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Climber Wall Shrub

Clematis 'Broughton Star' (M/d)
  • RHS AGM

clematis 'Broughton Star'

A moderately vigorous, very large, deciduous climber with bronze-tinted young leaves turning dark green when mature. Double and semi-double deep pink flowers with prominent deep pink veining, to 6cm wide from late spring to early summer.

Synonyms
Clematis montana 'Broughton Beauty'
Clematis montana var. rubens 'Broughton Star'

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Size
Ultimate height
4–8 metres
Time to ultimate height
2–5 years
Ultimate spread
2.5–4 metres
Growing conditions
Chalk
Clay
Loam
Sand
Moisture
Moist but well–drained
pH
Alkaline, Neutral
Colour & scent
StemFlowerFoliageFruit
Spring Pink Green
Summer Green
Autumn Green
Winter
Position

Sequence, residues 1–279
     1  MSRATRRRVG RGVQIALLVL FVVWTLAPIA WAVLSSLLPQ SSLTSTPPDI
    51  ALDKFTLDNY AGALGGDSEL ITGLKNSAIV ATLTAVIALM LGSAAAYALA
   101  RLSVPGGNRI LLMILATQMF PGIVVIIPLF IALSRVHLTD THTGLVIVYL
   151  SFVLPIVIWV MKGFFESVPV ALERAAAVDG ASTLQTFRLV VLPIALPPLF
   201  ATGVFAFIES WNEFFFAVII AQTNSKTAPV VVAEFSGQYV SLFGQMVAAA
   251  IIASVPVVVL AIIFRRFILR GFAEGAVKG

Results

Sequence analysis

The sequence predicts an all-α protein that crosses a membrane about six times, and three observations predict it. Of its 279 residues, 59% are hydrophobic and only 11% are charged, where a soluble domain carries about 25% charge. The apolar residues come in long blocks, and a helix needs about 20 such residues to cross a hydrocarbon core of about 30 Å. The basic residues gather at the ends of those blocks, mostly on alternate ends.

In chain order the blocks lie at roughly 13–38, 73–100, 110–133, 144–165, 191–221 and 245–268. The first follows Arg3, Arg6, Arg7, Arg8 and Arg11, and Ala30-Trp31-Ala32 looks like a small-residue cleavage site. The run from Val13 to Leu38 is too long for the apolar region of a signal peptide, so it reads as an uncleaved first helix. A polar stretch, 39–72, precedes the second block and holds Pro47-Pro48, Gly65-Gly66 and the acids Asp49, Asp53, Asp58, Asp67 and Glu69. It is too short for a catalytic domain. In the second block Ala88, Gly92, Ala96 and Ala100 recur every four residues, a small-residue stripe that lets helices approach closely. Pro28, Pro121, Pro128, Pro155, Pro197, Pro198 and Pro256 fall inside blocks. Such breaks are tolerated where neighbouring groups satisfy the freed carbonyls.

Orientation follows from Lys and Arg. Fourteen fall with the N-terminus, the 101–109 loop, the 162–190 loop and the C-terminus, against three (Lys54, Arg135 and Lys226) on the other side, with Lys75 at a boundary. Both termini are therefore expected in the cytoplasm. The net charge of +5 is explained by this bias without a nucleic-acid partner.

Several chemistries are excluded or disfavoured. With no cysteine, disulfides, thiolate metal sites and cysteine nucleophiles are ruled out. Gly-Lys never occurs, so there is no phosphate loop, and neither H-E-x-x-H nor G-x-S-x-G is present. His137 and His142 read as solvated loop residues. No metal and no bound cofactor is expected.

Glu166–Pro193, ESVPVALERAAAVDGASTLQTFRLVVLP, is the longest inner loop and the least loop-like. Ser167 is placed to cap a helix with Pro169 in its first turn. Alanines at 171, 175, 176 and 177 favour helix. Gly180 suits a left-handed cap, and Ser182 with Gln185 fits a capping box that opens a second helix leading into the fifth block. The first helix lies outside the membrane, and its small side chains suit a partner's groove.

• Full sun
  • Partial shade
Aspect

North–facing or East–facing or South–facing or West–facing

Exposure
Exposed or Sheltered
Hardiness
H5
Botanical details
Family
Ranunculaceae
Native to the UK
No
Foliage
Deciduous
Habit
Climbing
Potentially harmful
Skin irritant. Wear gloves and other protective equipment when handling
Genus

Clematis can be deciduous or evergreen shrubs or herbaceous perennials, mostly climbing by twining leaf-stalks, and often with showy flowers. Some have attractive fluffy seedheads in autumn

Name status

Accepted

Horticultural Group
Montana Group clematis are vigorous deciduous climbers with single, 4-petalled flowers opening in late spring and early summer

How to grow

Cultivation

Plant in a moisture-retentive, well-drained soil, with the roots and base of the plant kept cool and shaded by other plants or a layer of pebbles at the base. Plant with the crown 5-8cm (2-3in) deep to encourage shoots to grow from below ground level. Best in a sheltered sunny situation. See clematis cultivation for more advice

Propagation

Propagate by layering or semi-hardwood cuttings

Suggested planting locations and garden types
  • Wall side borders
Pruning

Clematis pruning: group one

Pests

May be susceptible to aphids, snails and caterpillars; petals may be eaten by earwigs

Diseases

May be susceptible to honey fungus (rarely), clematis wilt and clematis slime flux

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